The definitive story of how three country music legends--Willie Nelson, Waylon Jennings, and Kris Kristofferson--changed music in NashvilleBy the late 1960s, young people from all over the country were streaming into Nashville, Tennessee. The city was the center of the booming country music industry and home to what was known as the Nashville Sound, characterized by slick production and an increasingly overused formula.But three trailblazing artists would soon rock the foundations of Nashville's music business. Tapping into the burgeoning underground scene and the traditions of civil rights leaders and antiwar protestors, Waylon, Willie, and Kris resisted Nashville's music-making machine and forged their own paths, creating music that was more personal, not easily categorized, and in the vein of rock acts of the time.Drawing on extensive research and probing interviews with Kris Kristofferson, Rodney Crowell, Guy Clark, Cowboy Jack Clement, and others, Michael Streissguth brings to life an incredible chapter in musical history and reveals for the first time a surprising outlaw zeitgeist in Nashville. Outlaw is a fascinating glimpse into three of the most legendary artists of our times.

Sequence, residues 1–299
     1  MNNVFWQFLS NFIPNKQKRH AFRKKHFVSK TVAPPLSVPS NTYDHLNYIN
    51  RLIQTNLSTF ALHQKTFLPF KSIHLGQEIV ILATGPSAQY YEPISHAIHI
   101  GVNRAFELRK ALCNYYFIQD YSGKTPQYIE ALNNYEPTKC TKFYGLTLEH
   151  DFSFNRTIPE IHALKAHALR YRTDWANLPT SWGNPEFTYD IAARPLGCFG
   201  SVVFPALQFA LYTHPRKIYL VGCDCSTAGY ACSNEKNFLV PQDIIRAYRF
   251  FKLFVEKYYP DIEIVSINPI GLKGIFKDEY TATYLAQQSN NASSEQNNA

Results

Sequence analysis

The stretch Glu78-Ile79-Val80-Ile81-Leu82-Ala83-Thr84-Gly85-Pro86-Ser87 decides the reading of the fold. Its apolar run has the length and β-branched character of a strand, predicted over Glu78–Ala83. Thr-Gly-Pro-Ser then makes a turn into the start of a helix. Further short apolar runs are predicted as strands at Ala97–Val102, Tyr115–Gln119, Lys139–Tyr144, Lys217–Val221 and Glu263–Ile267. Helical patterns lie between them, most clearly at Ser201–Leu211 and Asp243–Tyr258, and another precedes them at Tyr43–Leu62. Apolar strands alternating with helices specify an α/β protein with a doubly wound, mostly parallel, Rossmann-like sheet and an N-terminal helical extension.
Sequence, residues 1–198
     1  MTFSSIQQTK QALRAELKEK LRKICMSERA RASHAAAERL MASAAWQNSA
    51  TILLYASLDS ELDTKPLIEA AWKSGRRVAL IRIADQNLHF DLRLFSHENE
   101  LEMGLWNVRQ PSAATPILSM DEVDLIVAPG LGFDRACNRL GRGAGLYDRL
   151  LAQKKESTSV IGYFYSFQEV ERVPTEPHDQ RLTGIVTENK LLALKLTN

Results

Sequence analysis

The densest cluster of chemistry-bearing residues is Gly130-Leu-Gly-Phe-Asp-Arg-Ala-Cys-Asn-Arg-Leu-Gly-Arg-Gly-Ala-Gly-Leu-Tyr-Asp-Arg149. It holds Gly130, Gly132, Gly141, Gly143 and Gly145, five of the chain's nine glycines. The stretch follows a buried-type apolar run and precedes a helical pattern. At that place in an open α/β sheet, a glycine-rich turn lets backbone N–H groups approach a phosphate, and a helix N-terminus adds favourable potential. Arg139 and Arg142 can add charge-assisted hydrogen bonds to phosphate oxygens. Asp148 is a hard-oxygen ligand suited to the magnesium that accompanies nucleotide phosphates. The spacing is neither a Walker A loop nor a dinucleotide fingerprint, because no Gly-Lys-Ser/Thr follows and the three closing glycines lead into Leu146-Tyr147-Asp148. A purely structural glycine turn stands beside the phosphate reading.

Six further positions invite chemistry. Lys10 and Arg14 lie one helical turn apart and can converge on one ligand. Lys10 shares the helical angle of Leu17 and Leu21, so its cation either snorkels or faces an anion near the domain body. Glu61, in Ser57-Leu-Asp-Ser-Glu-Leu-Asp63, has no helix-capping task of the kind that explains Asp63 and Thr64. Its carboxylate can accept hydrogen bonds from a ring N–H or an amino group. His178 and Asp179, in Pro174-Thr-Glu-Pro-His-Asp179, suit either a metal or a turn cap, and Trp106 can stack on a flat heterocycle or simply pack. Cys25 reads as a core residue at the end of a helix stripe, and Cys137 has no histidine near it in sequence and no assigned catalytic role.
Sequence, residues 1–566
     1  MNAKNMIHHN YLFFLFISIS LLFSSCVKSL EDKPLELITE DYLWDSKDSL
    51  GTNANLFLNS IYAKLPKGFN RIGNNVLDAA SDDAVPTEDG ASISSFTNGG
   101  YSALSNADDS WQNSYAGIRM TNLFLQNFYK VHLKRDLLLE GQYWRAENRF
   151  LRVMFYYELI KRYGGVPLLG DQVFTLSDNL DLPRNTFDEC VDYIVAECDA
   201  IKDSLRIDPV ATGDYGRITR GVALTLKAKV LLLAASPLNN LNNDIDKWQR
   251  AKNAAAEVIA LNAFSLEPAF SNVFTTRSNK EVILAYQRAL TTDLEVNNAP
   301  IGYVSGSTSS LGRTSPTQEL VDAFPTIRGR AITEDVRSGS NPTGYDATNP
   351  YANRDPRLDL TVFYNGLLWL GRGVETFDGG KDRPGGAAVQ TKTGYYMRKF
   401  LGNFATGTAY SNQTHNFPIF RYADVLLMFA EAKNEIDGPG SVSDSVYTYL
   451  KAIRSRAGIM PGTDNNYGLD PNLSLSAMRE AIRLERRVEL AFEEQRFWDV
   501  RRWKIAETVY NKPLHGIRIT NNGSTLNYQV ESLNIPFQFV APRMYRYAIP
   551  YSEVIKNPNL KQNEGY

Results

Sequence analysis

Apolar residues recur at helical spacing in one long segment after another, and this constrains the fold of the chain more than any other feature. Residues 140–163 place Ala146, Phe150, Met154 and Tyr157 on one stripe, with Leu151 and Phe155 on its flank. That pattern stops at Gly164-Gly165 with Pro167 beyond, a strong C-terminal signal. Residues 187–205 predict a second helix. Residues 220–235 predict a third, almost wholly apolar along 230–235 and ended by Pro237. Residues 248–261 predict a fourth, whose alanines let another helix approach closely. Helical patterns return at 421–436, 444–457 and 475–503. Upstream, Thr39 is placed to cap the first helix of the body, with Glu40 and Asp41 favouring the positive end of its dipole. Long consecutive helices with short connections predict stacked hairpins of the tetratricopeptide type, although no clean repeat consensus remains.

|Antall sider||297||Dimensjoner||16,4cm x 23,2cm x 1,9cm|
|Vekt||340 gram||Leverandør||Bertram Trading Ltd|
"Streissguth goes widescreen with this look at the social and musical ferment that produced the Seventies outlaw-country movement--a transformational break from the past that brought the post-hippie singer-songwriter ethos to superstraight Music Row. He skillfully portrays Sixties Nashville's studio politics and their gradual loosening up, alongside a city where post-Sixties social change took its time arriving." - Rolling Stone "Offers a look at the how the 'outlaw' music of Waylon Jennings, Willie Nelson and Kris Kristofferson shook up Nashville in the late '60s and '70s. . . . Author Streissguth has country music bona fides: He also wrote Johnny Cash: The Biography." - USA Today "A riveting look at how how three Texans joined forces to liberate Nashville from its company-town ways in the 1970s. It is a small group portrait, tightly focused and well told by Michael Streissguth." - The Wall Street Journal "Outlaw is an entertaining, authoritative account of Nashville's rebel years." - popmatters.com "In this compulsively readable book, music historian Streissguth describes the contrast between the staid Nashville music scene of the late '60s and early '70s, and the dynamic new music filtering into the city from Los Angeles (Emmylou Harris), Texas (Willie Nelson, Billy Joe Shaver, Waylon Jennings), and South Carolina (Marshall Chapman)." - Publishers Weekly